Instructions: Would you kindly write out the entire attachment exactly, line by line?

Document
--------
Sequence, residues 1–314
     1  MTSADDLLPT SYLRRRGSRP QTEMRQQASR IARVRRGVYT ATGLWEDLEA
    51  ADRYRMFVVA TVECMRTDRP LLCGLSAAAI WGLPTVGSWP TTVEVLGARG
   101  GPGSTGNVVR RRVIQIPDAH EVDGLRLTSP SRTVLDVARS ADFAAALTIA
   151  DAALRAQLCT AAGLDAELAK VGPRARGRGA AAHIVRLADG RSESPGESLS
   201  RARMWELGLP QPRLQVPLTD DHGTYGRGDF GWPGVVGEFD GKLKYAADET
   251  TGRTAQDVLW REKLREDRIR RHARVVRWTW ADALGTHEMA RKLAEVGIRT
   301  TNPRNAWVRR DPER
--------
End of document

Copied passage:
Sequence, residues 1–314
     1  MTSADDLLPT SYLRRRGSRP QTEMRQQASR IARVRRGVYT ATGLWEDLEA
    51  ADRYRMFVVA TVECMRTDRP LLCGLSAAAI WGLPTVGSWP TTVEVLGARG
   101  GPGSTGNVVR RRVIQIPDAH EVDGLRLTSP SRTVLDVARS ADFAAALTIA
   151  DAALRAQLCT AAGLDAELAK VGPRARGRGA AAHIVRLADG RSESPGESLS
   201  RARMWELGLP QPRLQVPLTD DHGTYGRGDF GWPGVVGEFD GKLKYAADET
   251  TGRTAQDVLW REKLREDRIR RHARVVRWTW ADALGTHEMA RKLAEVGIRT
   301  TNPRNAWVRR DPER